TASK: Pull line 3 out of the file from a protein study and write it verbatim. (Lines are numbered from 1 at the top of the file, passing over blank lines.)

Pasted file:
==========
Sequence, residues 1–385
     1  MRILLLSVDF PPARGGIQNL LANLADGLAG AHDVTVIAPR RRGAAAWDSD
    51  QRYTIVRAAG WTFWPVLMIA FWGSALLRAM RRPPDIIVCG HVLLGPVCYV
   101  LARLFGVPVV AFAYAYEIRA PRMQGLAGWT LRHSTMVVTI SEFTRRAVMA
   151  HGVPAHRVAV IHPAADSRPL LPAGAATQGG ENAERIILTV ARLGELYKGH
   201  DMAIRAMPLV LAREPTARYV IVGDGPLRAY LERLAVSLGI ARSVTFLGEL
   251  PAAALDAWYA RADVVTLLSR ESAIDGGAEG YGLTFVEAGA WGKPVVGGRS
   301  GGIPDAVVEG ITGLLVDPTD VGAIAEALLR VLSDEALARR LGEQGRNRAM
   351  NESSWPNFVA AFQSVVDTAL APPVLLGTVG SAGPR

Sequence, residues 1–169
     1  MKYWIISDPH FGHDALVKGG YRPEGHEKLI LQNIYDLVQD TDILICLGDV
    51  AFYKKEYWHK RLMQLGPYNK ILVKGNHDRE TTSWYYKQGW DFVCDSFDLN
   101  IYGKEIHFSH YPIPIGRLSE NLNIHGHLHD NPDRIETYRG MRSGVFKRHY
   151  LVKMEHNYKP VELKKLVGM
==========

    51  QRYTIVRAAG WTFWPVLMIA FWGSALLRAM RRPPDIIVCG HVLLGPVCYV